Our leather is a by-product of the meat industry. Meat production and consumption worldwide is at staggering levels. There are more people to feed and as incomes rise, more people can afford to buy meat.
Farmers do not raise cows to sell the hides. Beef is the primary product, accounting for an average of 60% of the animal. Leather, on the other hand, accounts for an average of just 7% of the animal. What happens to the remaining 33%? Just about all of it is used and in a surprising array of industries.
Some by-products of the meat industry are life-saving, such as insulin for diabetic patients, drugs used during surgery, and many other pharmaceutical products. Below are just a few examples of other industries using these natural by-products.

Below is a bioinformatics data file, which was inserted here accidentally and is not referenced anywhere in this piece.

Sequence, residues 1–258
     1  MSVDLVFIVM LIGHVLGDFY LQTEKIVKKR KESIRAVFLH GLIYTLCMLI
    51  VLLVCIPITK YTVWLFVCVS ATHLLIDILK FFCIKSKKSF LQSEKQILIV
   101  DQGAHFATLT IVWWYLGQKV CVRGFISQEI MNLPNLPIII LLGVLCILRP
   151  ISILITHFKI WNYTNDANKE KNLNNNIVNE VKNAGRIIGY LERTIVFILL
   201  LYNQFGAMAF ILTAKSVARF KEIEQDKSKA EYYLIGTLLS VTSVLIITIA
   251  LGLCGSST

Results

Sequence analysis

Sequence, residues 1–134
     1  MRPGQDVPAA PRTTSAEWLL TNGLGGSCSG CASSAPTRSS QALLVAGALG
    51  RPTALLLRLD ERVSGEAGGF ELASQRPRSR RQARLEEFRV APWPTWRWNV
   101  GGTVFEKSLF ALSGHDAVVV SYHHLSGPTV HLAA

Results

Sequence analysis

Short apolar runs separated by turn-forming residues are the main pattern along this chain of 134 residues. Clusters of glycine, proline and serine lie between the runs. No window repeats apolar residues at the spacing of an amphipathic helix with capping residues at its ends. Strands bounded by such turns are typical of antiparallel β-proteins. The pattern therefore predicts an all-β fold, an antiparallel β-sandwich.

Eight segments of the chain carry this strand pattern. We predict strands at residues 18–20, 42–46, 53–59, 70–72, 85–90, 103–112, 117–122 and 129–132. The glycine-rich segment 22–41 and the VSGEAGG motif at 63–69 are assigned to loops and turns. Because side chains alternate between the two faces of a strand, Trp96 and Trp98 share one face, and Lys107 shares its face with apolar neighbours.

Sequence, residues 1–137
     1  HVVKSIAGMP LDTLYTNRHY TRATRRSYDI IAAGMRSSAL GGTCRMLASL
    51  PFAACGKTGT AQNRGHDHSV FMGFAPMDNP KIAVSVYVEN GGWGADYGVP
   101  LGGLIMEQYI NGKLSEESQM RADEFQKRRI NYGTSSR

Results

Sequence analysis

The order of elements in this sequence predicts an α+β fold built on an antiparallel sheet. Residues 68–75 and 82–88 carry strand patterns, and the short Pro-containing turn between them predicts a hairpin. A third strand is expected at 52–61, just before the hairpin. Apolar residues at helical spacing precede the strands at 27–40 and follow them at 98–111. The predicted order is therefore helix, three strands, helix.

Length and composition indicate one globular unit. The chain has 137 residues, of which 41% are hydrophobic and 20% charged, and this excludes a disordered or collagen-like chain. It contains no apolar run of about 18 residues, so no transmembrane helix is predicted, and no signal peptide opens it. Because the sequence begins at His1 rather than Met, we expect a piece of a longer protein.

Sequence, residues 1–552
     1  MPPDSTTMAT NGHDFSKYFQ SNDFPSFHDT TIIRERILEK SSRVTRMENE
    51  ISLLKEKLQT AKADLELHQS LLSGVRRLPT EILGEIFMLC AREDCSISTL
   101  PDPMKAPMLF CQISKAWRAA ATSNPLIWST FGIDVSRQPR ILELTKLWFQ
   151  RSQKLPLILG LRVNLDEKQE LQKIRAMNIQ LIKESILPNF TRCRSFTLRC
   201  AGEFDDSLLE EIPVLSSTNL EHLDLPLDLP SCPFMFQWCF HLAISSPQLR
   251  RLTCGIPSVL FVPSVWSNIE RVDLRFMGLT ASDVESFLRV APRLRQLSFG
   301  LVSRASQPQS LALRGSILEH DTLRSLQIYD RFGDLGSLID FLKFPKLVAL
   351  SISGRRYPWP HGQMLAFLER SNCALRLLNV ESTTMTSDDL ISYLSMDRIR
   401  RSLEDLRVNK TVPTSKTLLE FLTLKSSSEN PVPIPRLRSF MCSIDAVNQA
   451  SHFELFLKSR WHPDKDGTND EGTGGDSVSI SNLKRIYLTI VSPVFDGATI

What does by-product of the meat industry mean?
According to the Merriam-Webster Dictionary, a by-product is something produced in a usually industrial or biological process in addition to the principal product. Meat by-products are parts other than meat. Leather falls into this category.
A co-product, on the other hand, is something produced jointly with another product. Some people claim that leather is a co-product of the meat industry and not a by-product. However, meat processing and leather production are two separate industries with vastly different manufacturing processes.
Farmers raise cows to provide beef to feed families. Leather tanneries preserve one of the meat by-products that would otherwise end up in a landfill.